Thinking on my feet, by Dr Leigh Spielberg

Sometimes the best outcome follows from a ‘Plan B’ and helpful advice from a senior colleague

Leigh Spielberg

Posted: Saturday, April 1, 2017

I hadn’t seen the patient in several weeks, so I was in for a bit of a surprise when I first looked through the operating microscope. Behind the large nasal pterygium and unusual anterior stromal scar, the iris was stuck to the endothelium for nearly 360° in the mid-periphery.
The anterior chamber was more of an idea than a reality. And yet the globe was soft, unpleasantly so for an eye that was about to undergo lens extraction.
‘Lens extraction’, rather than ‘phacoemulsification’, had been indicated on the patient’s surgical planning document, which suggested how my vitreoretinal colleague, Fanny Nerinckx, expected the procedure might progress.
The pupil size was noted as ‘1mm, no motion’. Lens density: ‘no evaluation possible due to inflammatory membranes and neovascularisation, active’. Oh boy.
Although I hadn’t seen the patient, I knew his file well. He was a forty-something male who had undergone brachtherapy and transpupillary thermotherapy for a parapapillary choroidal melanoma. He had been referred to Dr Nerinckx for cataract extraction and reconstitution of the anterior chamber, so that the posterior segment could be followed up more closely than with ultrasound alone.
“Press record, will you?” I said to no one in particular. I figured this would make for interesting video footage.
The temporal paracentesis started with a challenge: how to enter a soft eye with no anterior chamber and a neovascularised iris adhering to the cornea? I made a tiny limbal incision and tried to instill phenylephrine, but it encountered iris resistance and came right back out.
On to Plan B: slow injection of OVD. The iris dehesced remarkably easily, thankfully. It was a sort of viscodissection. OK, I thought, one step down, a few dozen to go.
Haemorrhage! A little vessel on the iris was unhappy with my manoeuvre. The bleeding was contained by the OVD, but threatened to turn into a sticky mess soon if I didn’t come up with a solution. OVD out, phenyl in, OVD back in – problem solved.
OK, and now for the pupil. A 27G needle works perfectly to create watertight limbal ports for iris hooks. In they went. The cohesive OVD was doing a good job of maintaining the anterior chamber, but the iris hooks couldn’t latch on to the pupillary edge due to the membrane.
Dr Nerinckx, who offered useful advice throughout the procedure, suggested I try to think more like a vitreoretinal surgeon. In went my ILM micro-forceps, via the nasal paracentesis, which I used to elevate the iris so that the micro-scissors, inserted temporally, could pierce the membrane and I could explore the pupillary space. But the scissors couldn’t penetrate. Complete calcification. In went a second pair of ILM forceps and out came several chunks of hard white calcium. What had I gotten myself into?!

Once the pupil had been opened, the iris hooks had something to hold onto. I now had a nice square pupil, 5mm across. But deciphering the white mess that filled the area in front of the lens was the next step. It was fluffy like fibrin, stringy like vitreous, and as difficult to grab as smoke. The micro-forceps were now useless. Maybe irrigation/aspiration? No. “Think like a VR surgeon,” I heard Dr Nerinckx say.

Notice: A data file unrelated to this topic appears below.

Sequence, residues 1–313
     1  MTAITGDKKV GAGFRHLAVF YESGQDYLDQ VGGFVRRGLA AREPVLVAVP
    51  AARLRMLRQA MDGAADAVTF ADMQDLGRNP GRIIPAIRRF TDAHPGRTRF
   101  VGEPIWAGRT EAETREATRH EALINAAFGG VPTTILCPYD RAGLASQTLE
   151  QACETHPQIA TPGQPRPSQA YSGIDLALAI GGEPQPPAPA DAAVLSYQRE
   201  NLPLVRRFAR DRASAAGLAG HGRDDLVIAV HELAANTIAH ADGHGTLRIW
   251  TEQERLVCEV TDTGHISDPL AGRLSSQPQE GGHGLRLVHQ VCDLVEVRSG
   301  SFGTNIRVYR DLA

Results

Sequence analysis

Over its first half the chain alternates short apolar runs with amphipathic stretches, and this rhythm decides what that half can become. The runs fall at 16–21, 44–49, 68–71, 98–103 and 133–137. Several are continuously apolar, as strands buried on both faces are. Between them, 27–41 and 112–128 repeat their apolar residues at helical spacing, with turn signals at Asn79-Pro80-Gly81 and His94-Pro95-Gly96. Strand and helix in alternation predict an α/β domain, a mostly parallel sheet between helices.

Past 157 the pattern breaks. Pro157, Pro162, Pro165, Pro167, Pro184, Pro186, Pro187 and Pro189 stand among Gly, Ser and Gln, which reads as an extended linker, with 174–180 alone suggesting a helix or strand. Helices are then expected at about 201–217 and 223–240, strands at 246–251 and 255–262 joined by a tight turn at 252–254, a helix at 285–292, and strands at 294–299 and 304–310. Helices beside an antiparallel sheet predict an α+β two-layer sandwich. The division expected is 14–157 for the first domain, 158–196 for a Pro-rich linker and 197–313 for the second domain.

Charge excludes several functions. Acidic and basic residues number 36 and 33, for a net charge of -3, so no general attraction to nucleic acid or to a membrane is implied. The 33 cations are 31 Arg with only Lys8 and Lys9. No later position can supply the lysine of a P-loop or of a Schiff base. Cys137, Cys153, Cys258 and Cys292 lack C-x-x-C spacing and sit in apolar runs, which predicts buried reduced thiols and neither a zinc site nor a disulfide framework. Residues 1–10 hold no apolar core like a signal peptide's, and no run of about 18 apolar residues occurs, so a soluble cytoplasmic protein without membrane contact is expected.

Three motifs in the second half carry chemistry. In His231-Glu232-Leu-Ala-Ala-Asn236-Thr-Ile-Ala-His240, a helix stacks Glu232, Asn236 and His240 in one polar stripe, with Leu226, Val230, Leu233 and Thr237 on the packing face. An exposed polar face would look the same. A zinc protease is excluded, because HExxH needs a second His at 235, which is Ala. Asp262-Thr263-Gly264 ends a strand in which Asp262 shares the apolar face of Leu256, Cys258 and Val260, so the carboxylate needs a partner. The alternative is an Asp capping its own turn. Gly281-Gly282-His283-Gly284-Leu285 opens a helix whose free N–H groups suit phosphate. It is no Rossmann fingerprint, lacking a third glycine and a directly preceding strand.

Time for the vitrectome. I hadn’t planned to use it this early in the procedure – I was half expecting to have to use it to clean up a dropped nucleus – but it was my only option to allow identification of the capsule for a capsulorhexis. It worked like a charm, but the irregular surface it left behind didn’t really play nicely with the Vision Blue I injected next.
This is where I encountered the most difficult situation of the procedure. I still couldn’t properly identify the anterior surface of the lens capsule. The very unusual combination of inflammation, calcification and neovascularisation had left behind a bizarre moonscape of irregularities on the anterior lens face, and Vision Blue simply resulted in a splotchy mess. A capsulorhexis can be tricky under the best of circumstances, but this was anything but ideal.
I made no useful progress with the cystotome, the rhexis forceps and the ILM forceps, so in went the vitrectome once again. This was a new step for me. I’ve opened many a posterior capsule with a vitrectome. If done correctly, these prove to be circular and stable. In this case, the capsule was indistinguishable from the rest of the tissue present, so I had to trust my instincts and perform a motion similar to that of a posterior capsule. Round and round I went.
And yet, I didn’t trust it completely. But there was clearly no turning back now. In went the phaco tip. I didn’t dare try to chop, considering the invisibility of the rhexis border, so I started sculpting, lightly at first. Chatter chatter chatter! Hopeless. I increased the phaco power. Four miraculously smooth sculpts and cracks later, the quadrants were removed with the capsule intact.
Amazing! We had done it!
“OK, please stop the video recorder,” I asked a nurse.
“Sorry? You never asked us to turn it on!”
Dr Leigh Spielberg is a vitreoretinal and cataract surgeon 
at Ghent University Hospital in Belgium

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